Both Eilidh and Jon are excellent students and were able to work together despite being at  very different levels in skiing. I explained to Eilidh during the first session that with teaching something that is so fundamentally complex as skiing it’s like each person is a jigsaw puzzle. The final image is always the same (ideal end result) but with each person the parts of the jigsaw are always cut out differently – and so assembled differently. This can be due to many different factors including morphology, experience, aptitudes, strengths, weaknesses, emotions and above all previous exposure to coaching, practice and information. Standard ski instruction is so fundamentally flawed that the predictable outcome for many people is total confusion and effective paralysis or injury on the mountain. The degree people are affected by this issue depends almost proportionally on their intelligence – the more intelligent they are the worse the problem becomes – because they execute the nonsense instruction very accurately. Eilidh had previously been caught in this trap – like many other skiers I meet. Her progress over only two days – with the correct information – was excellent – as could have been expected. I started out by stating that the solution to Eilidh’s problem would be simple but involve a shift in awareness. It was simple in the sense that all she had to do was stand on one leg – but she had to become much more aware to be able to do it.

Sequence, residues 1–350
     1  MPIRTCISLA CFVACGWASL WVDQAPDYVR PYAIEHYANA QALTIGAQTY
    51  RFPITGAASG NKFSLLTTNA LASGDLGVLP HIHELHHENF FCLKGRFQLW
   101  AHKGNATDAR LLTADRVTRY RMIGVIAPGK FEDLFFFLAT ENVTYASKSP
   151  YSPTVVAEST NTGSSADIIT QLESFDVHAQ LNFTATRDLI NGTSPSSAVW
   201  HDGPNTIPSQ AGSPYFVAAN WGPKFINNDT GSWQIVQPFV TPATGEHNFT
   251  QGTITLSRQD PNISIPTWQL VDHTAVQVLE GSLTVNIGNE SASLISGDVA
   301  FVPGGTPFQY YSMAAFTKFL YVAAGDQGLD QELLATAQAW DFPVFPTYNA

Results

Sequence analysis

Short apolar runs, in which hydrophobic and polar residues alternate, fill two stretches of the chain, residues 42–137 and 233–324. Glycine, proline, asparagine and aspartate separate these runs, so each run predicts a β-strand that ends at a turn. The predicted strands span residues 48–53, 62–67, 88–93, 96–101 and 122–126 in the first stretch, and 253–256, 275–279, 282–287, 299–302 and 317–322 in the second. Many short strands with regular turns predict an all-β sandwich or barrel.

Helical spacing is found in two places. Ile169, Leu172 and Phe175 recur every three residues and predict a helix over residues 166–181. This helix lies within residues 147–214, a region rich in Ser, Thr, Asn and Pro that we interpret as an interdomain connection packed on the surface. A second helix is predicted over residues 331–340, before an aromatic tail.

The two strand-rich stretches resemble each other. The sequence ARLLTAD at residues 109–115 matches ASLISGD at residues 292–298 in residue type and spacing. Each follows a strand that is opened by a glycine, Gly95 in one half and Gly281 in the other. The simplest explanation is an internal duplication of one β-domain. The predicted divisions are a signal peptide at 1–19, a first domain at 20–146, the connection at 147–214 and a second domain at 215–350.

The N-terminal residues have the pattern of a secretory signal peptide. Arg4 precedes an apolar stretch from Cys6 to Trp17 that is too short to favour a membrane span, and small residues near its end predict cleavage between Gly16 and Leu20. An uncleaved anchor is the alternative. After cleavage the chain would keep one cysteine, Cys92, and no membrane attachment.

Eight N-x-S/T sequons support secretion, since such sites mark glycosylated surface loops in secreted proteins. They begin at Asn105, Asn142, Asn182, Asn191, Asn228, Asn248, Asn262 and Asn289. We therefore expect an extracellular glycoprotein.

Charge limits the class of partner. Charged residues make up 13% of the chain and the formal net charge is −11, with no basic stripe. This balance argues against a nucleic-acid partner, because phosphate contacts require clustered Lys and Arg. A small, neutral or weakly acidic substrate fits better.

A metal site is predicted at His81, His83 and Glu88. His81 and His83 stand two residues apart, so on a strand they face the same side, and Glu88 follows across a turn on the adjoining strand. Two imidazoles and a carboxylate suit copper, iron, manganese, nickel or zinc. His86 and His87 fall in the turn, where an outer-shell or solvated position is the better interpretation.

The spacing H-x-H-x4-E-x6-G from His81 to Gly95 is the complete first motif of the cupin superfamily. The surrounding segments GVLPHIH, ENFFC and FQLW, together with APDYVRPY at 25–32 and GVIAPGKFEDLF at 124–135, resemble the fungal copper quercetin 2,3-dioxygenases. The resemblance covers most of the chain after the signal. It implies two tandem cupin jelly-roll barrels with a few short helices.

Jon has developed excellent body awareness and is very quick to transfer this to skiing when provided with the appropriate information and opportunity. He lacks some confidence in his ability but really has no need to – excellent progress once again in a short period of time.

Leave a Reply

Your email address will not be published. Required fields are marked *